While Drayton and his team were in the backcountry, Lord William Campbell, the last royal governor, arrived. He refused to recognize the Provincial Congress as a legitimate body, and a meeting with the Commons House accomplished nothing. In September 1775 Campbell officially dissolved the assembly and fled for his life to a British warship in Charleston harbor. There was no one now to challenge the authority of the Provincial Congress, and it moved swiftly to suppress any opposition.
Renewed tensions in the backcountry led to the mobilization of both Loyalist and patriot militia units. In November 1775, at Ninety Six, there was a skirmish and the first blood of the Revolution in the state was shed. In retaliation, Colonel Richard Richardson raised a force of more than four thousand patriot militiamen to subdue backcountry Loyalists. In what became known as the “Snow Campaign,” he defeated the Loyalist militia and tracked down and captured those who had fled.
The new year began with the Provincial Congress in control of all of South Carolina. The backcountry was quiet, and British war ships had left Charleston harbor. In March 1776 South Carolina became the first southern colony and the second of the thirteen to draft a state constitution. The Provincial Congress declared itself to be the new General Assembly of South Carolina and elected John Rutledge as president of the state.
South Carolina’s new government was concerned with the defense of the state–and with good reason. There were incessant rumors that the British intended to attack Charleston and to incite the Cherokees to invade the frontier settlements. On June 28 a British invasion force launched a combined naval and amphibious assault against revolutionary forces on Sullivan’s Island. Led by William Moultrie and William Thomson, the revolutionaries repulsed a British landing force and the sand and palmetto-log fort rendered the naval bombardment ineffective. At the end of the day American casualties were light, and the British withdrew in disarray. The Battle of Sullivan’s Island gave a tremendous boost to the revolutionary cause and the upper hand to those who favored a more resolute course of action.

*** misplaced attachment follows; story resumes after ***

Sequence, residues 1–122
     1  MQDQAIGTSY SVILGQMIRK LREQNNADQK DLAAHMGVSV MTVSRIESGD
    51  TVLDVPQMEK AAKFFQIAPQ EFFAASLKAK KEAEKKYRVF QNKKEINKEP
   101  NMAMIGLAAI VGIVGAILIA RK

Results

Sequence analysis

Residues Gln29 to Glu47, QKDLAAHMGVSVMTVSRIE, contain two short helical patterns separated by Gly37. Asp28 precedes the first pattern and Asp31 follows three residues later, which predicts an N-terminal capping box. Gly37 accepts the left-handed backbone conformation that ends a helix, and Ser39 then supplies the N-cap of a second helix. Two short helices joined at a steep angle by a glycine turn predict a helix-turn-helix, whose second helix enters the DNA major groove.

The British fleet remained off Charleston until August. Its presence, and the urging of northern Indian nations, spurred the Cherokees and some Tories to launch a series of raids in July. The response was immediate and brutal. Andrew Williamson led backcountry militia units against the Native Americans, destroyed most of their towns east of the mountains, and then joined with the North Carolina militia to do the same in that state and Georgia. For the remainder of the war, the Cherokees were not a factor.
While the backcountry was subduing the Cherokees, news arrived on August 2 of the Declaration of Independence. That, however, may have been the high tide of revolutionary fervor for a while. After the twin threats of invasion and Indian war had been defeated, the state entered a two-year period of calm that bordered on apathy.
After independence the state needed a new constitution, and a new one was adopted without fanfare in March 1778. Maintaining zeal for the revolution was difficult. So many legislators absented themselves that it was difficult for the General Assembly to meet a quorum. Enlistments declined, and in order to fill its quotas for the Continental army, the legislature offered land and cash bonuses to volunteers. In 1778 the militia law was revised so that one-third of the militia could be slaves (only in support roles). Some black Carolinians, however, were more than engineers or sailors. There were black soldiers in Francis Marion’s partisan band and in militia units at King’s Mountain and Cowpens.